May 17, 2022
The cost of going to therapy is tax deductible for both clients and for therapists attending therapy sessions themselves.
If you’re a client, there are particular requirements you need to meet so you can deduct therapy on your tax return. If you’re a therapist paying for therapy, you need to meet fewer requirements.
However, since you’re deducting therapy as a business expense, you should follow best practices to ensure you don’t run afoul of the IRS.
First, we’ll look at how therapy deductions differ between private individuals and therapists. Then, we’ll cover what you need to know to make sure your therapy sessions qualify as tax deductions, and how you can list them on your return.
Whether you’re a private individual paying for therapy, or a professional therapist, you may only deduct the cost of therapy from your taxes if you pay for it out of pocket. Therapy covered by medical insurance is not eligible.
However, that’s where the similarities end.
Private individuals are only able to deduct the cost of therapy from their taxes if the total cost of therapy for the year exceeds 7.5% of their adjusted gross income (AGI).
The therapy must also be part of a medical treatment, though the IRS is pretty vague about what that means. Rule of thumb: if the therapy is necessary, and deals with specific issues that negatively impact one’s life, it’s probably deductible.
As a self-employed therapist, you do not need to meet the same minimum threshold as individuals (7.5% of AGI) in order to deduct the cost of therapy.
And any form of treatment that helps you do your job well, and allows you to continue doing it well, is considered valid for the purposes of tax deductions.
You may see a therapist to help you navigate job-related issues: the emotional burden of supporting your clients, work-life balance, or even ethical dilemmas you face in your work.
You may also see a therapist in order—at least partly—to keep you grounded in the client experience, so you never lose touch with how it feels to occupy “the other chair.”
Finally, you may see a therapist in order to navigate your own, personal challenges: anxiety and stress, difficult relationships, or trauma.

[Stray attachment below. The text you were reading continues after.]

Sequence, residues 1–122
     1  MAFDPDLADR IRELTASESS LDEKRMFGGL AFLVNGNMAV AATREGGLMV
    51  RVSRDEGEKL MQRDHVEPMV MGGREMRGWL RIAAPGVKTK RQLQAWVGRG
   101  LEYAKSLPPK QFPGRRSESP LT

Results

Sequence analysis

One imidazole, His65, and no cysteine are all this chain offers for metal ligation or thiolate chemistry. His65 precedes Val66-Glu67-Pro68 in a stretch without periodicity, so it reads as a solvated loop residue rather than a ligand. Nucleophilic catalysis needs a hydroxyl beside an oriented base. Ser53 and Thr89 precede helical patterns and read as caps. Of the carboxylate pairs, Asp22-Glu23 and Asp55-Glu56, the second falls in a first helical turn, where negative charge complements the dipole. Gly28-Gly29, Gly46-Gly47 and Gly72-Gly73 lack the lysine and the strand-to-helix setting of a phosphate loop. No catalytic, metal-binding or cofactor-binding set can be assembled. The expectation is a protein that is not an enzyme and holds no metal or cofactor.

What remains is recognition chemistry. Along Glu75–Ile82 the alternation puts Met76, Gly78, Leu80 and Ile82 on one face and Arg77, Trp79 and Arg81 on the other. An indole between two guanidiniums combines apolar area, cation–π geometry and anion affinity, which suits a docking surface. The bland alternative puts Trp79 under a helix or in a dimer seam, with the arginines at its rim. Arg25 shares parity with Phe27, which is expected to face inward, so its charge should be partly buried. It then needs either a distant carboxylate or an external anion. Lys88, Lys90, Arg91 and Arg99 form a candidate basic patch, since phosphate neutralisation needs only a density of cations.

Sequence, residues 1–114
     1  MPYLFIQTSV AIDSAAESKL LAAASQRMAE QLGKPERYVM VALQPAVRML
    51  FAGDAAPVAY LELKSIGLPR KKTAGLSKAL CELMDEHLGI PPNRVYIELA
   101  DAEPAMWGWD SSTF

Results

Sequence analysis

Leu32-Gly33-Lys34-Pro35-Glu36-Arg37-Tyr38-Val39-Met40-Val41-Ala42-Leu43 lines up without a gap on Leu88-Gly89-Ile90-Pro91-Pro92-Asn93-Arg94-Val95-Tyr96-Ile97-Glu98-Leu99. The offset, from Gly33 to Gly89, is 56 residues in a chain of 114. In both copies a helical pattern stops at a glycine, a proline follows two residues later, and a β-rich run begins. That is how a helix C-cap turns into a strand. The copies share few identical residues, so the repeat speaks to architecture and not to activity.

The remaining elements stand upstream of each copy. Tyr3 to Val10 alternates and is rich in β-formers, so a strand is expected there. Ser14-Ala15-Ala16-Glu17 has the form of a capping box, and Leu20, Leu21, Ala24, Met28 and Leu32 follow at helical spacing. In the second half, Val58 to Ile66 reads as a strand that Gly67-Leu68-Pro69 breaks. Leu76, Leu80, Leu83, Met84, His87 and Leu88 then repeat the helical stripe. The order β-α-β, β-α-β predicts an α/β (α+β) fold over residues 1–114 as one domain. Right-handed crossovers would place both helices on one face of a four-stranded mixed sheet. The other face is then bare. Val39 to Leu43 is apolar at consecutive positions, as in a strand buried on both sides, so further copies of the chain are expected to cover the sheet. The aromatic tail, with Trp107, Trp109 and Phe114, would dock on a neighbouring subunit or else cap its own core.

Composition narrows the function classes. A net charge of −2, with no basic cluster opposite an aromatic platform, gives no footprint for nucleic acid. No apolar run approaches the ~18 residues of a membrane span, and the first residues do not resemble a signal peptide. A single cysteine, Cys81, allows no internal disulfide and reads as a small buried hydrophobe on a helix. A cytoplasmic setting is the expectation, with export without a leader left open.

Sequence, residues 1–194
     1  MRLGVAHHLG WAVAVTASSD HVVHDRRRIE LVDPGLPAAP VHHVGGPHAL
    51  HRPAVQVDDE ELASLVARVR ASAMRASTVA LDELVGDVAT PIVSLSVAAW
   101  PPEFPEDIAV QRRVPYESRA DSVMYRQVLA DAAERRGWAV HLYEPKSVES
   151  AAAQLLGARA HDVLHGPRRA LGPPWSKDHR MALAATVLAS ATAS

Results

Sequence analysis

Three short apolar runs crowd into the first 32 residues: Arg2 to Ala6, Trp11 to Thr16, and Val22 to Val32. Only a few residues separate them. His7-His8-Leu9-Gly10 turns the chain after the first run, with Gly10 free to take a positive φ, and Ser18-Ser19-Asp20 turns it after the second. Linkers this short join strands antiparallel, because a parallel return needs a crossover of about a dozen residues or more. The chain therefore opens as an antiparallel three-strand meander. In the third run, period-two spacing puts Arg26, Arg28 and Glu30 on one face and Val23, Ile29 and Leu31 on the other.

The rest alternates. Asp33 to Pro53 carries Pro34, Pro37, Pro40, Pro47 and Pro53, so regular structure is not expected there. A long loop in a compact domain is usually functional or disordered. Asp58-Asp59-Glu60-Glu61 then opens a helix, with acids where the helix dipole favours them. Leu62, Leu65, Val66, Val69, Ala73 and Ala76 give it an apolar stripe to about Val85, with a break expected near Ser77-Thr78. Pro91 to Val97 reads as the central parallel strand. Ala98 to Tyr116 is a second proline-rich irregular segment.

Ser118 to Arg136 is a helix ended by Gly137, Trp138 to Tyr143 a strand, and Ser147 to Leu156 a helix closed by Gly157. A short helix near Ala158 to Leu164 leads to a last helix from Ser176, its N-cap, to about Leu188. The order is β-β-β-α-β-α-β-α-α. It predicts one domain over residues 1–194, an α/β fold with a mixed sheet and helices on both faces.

At the end of the day, your practice’s number one asset is you. Any kind of therapy that helps you stay healthy and function well as a human being benefits your business. That’s why it’s a valid business expense, and tax deductible.
Finally, if you need to travel in order to attend therapy, you can deduct it on your taxes as a business travel expense.
If you’re planning to deduct the cost of therapy as a business expense, there are a few best practices you should follow in order to accurately file your taxes and avoid running into trouble with the IRS.
Enter the expense in your books
Since therapy is a business expense, it needs to be entered in your general ledger—either by you (if you do your own bookkeeping) or by your bookkeeper. You may have a specific “Therapy” account in your chart of accounts, or you may include it under a different account.
This not only ensures your bookkeeping is accurate, it will make it easier during tax time for you or your accountant to calculate the total amount your business spent on therapy for the year.
Keep your receipts
As with all deductible business expenses, you’ll need to provide evidence in the case of an audit. Receipts are that evidence. For any therapy sessions you deduct on your tax return, plan to hold on to receipts for at least six years (the maximum statute of limitations on tax returns).
When in doubt, check with your accountant
To reiterate: just about any type of psychotherapy that helps you do your job well qualifies as a business expense. But if you have doubts about a particular course of therapy, double check with a qualified accountant or tax advisor. They can give you the final word on whether your therapy counts as a business expense.
How you deduct therapy on your tax return varies according to whether your business is a sole proprietorship or an S corporation.
On IRS Form 1120S, enter the total amount of “Other Deductions” (which includes therapy) on Line 19. In a separate, attached statement, include a breakdown of all these “Other Deductions,” including your therapy expense.
You should identify your therapy expense on this attached statement as “Code S.” If this is your first year filing as an S corporation, it’s a good idea to get help from a qualified accountant.
The cost of therapy is just one of many expenses therapists tend to overlook while filing their taxes. For a complete rundown of all the deductions you can take advantage of this tax season, get Heard's Complete Guide to Tax Deduction for Therapists.
This post is to be used for informational purposes only and does not constitute legal, business, or tax advice. Each person should consult his or her own attorney, business advisor, or tax advisor with respect to matters referenced in this post.
Bryce Warnes is a West Coast writer specializing in small business finances.